### Mikes Notes

An interesting article on security.

### Resources

### Digital signatures and how to avoid them

**By:** Neil Madden

**neilmadden.blog:** 18 September 2024

Wikipedia’s definition of a digital signature is:

A digital signature is a mathematical scheme for verifying the authenticity of digital messages or documents. A valid digital signature on a message gives a recipient confidence that the message came from a sender known to the recipient. - Wikipedia

They also have a handy diagram of the process by which digital signatures are created and verified:

Source: https://commons.m.wikimedia.org/wiki/File:Private_key_signing.svg#mw-jump-to-license (CC-BY-SA)Alice signs a message using her private key and Bob can then verify that the message came from Alice, and hasn’t been tampered with, using her public key. This all seems straightforward and uncomplicated and is probably most developers’ view of what signatures are for and how they should be used. This has led to the widespread use of signatures for all kinds of things: validating software updates, authenticating SSL connections, and so on.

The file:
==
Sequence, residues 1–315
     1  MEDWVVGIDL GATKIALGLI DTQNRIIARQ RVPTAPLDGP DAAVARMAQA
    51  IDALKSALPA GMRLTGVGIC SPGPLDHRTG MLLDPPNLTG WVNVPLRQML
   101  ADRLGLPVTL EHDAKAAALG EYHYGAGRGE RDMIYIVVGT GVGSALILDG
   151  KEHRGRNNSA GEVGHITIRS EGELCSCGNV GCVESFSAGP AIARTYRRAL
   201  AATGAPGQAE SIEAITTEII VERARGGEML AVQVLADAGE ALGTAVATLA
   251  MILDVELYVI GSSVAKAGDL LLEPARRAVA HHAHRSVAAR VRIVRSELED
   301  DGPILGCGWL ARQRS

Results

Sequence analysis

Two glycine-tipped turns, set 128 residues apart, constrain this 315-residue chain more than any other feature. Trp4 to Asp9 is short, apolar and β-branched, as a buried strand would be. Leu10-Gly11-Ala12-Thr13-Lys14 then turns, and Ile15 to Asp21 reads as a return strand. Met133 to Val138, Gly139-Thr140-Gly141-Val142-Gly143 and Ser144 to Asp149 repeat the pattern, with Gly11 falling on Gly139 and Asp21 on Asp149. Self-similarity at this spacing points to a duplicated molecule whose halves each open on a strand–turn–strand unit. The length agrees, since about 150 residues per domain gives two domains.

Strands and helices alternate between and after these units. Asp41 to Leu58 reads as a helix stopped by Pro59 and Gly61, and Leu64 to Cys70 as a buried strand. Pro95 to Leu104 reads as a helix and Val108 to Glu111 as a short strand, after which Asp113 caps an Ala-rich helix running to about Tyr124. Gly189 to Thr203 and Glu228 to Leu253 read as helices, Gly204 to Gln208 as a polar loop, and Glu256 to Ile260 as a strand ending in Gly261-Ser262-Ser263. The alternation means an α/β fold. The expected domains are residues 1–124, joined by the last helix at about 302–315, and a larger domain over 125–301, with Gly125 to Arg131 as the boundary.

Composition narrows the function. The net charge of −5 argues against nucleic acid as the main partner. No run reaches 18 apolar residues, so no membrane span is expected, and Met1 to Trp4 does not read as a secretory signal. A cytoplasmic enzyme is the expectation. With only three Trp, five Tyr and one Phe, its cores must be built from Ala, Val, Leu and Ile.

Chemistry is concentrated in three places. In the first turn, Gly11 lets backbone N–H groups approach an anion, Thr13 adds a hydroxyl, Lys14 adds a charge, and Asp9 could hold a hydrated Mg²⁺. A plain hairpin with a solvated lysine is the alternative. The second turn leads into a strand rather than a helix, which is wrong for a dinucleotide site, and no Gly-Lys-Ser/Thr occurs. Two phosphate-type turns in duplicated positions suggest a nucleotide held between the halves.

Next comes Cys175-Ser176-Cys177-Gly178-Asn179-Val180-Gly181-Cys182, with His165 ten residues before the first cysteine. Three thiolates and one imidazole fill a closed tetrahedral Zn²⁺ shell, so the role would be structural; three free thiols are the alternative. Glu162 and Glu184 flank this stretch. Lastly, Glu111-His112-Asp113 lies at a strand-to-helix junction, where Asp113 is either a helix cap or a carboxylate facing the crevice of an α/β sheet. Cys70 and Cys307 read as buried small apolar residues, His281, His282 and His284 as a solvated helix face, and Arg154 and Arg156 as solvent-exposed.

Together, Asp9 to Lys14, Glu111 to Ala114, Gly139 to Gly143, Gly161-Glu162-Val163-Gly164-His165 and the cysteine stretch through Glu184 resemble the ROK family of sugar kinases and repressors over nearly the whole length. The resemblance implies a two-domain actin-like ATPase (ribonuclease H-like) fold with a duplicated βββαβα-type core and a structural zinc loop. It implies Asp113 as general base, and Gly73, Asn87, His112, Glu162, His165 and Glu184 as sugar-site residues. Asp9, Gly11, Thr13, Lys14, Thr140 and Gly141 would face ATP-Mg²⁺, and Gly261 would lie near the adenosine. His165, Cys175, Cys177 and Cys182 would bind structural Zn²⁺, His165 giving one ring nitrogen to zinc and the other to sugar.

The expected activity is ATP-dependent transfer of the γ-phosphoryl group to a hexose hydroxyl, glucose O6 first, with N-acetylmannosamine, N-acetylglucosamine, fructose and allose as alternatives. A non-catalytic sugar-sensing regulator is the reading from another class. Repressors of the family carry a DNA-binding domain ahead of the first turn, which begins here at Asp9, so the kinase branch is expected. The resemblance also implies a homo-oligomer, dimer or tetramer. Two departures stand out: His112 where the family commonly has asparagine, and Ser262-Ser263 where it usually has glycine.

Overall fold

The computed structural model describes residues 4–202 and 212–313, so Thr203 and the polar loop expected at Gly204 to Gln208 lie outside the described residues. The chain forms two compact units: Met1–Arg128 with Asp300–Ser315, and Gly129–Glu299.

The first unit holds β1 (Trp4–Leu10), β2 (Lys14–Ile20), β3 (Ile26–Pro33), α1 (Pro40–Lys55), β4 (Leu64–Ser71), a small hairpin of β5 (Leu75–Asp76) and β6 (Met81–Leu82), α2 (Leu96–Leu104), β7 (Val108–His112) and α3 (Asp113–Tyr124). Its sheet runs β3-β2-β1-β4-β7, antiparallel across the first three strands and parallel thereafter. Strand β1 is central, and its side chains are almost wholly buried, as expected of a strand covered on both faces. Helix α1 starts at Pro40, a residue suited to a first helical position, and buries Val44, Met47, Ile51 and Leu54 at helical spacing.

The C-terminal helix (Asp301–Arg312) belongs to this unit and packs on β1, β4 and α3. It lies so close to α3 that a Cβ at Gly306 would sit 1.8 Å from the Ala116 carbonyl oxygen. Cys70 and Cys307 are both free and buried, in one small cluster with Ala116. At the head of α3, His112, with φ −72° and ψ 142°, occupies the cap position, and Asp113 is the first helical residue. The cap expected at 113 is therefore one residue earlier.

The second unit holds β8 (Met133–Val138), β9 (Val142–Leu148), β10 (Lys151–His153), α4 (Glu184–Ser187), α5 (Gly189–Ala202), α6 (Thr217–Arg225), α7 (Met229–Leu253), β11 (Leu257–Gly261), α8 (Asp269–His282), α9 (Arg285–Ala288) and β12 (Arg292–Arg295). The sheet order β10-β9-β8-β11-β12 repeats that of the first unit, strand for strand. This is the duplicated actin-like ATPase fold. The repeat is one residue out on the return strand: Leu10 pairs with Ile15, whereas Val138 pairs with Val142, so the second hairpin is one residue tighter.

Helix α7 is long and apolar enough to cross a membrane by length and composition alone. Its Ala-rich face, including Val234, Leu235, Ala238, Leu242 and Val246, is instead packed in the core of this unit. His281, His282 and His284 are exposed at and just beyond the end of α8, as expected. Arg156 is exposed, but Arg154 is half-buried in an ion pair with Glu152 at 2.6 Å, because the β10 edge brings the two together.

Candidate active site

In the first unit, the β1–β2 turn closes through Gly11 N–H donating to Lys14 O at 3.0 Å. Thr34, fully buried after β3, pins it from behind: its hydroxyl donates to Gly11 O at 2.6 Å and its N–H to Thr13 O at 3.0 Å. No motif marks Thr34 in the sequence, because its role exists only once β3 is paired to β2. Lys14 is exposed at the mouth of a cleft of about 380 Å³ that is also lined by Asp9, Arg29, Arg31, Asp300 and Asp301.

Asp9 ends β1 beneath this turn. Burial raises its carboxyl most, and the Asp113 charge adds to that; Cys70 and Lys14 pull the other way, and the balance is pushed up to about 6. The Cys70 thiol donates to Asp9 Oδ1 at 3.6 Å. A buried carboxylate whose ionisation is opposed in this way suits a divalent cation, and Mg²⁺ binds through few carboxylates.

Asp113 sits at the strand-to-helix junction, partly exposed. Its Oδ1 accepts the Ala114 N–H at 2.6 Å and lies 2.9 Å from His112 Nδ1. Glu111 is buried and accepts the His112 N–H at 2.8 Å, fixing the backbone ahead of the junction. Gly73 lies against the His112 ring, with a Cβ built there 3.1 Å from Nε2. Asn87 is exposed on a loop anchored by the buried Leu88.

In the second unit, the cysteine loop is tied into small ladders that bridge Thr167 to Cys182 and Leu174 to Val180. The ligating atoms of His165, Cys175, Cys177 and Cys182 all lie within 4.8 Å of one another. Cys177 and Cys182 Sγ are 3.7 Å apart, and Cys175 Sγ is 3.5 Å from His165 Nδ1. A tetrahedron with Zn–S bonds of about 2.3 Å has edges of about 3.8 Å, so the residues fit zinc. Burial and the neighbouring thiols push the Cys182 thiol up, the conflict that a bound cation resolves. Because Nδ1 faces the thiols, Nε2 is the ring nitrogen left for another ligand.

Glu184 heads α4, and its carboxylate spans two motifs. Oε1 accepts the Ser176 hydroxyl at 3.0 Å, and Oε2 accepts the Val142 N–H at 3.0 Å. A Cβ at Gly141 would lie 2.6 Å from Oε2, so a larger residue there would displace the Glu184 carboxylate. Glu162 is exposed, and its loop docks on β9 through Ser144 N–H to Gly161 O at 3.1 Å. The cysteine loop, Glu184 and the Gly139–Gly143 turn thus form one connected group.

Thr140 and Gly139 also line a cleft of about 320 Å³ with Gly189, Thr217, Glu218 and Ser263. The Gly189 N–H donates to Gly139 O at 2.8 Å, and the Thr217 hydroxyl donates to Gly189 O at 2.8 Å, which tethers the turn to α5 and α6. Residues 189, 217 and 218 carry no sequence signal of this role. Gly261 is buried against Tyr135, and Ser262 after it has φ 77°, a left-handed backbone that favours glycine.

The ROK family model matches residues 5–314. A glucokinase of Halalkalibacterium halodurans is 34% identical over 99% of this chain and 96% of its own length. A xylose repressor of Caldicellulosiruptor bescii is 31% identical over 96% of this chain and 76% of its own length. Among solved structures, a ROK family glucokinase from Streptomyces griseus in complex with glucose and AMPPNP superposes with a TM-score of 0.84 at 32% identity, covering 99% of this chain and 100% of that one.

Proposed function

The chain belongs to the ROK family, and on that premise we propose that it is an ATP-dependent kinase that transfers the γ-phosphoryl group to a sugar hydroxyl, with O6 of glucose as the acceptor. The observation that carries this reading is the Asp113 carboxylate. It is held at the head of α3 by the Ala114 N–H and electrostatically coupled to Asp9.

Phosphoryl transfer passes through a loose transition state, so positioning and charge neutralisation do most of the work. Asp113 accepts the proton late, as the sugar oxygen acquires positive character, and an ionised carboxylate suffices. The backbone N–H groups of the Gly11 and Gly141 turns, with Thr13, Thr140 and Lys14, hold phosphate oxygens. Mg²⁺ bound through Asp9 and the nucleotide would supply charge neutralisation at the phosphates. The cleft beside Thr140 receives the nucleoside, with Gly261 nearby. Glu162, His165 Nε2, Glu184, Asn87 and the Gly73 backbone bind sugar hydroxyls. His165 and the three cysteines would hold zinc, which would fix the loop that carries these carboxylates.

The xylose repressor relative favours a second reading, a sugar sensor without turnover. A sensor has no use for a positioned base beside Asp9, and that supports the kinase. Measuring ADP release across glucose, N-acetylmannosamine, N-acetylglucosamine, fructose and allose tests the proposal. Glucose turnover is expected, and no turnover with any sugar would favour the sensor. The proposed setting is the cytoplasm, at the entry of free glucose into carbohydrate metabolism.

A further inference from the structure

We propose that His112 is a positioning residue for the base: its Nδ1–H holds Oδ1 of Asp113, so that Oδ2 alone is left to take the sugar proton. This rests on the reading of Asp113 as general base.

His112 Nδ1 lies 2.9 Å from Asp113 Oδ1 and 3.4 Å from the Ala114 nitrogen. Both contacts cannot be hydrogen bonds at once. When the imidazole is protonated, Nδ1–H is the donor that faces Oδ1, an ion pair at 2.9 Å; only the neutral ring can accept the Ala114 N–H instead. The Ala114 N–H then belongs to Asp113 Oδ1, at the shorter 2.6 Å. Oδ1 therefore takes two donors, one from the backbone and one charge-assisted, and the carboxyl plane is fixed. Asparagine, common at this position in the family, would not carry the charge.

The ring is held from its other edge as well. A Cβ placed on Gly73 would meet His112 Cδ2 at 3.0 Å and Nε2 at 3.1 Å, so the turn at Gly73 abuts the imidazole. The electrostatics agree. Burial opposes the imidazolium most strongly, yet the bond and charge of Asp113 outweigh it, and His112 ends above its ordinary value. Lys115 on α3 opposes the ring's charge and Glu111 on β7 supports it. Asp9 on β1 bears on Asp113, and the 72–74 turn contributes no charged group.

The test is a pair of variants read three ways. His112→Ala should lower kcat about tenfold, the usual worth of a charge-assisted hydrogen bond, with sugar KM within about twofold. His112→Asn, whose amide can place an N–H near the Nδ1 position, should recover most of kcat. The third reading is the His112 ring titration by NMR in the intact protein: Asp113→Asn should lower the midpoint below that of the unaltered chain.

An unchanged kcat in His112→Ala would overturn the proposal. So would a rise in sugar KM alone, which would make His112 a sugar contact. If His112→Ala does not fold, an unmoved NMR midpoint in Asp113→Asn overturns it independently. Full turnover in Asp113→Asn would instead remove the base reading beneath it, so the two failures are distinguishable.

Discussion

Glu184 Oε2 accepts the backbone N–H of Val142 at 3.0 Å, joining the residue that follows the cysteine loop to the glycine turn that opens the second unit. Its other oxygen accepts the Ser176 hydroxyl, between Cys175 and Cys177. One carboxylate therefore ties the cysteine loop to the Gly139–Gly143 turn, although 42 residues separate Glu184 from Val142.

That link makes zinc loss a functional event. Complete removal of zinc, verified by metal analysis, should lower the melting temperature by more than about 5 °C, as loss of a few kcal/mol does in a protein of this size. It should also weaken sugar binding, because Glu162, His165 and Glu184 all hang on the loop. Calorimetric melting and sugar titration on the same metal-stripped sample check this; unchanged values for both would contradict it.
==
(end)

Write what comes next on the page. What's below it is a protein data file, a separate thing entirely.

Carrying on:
But cryptographers have a different way of looking at digital signatures that has some surprising aspects. This more advanced way of thinking about digital signatures can tell us a lot about what are appropriate, and inappropriate, use-cases.

#### Identification protocols

There are several ways to build secure signature schemes. Although you might immediately think of RSA, the scheme perhaps most beloved by cryptographers is Schnorr signatures. These form the basis of modern EdDSA signatures, and also (in heavily altered form) DSA/ECDSA.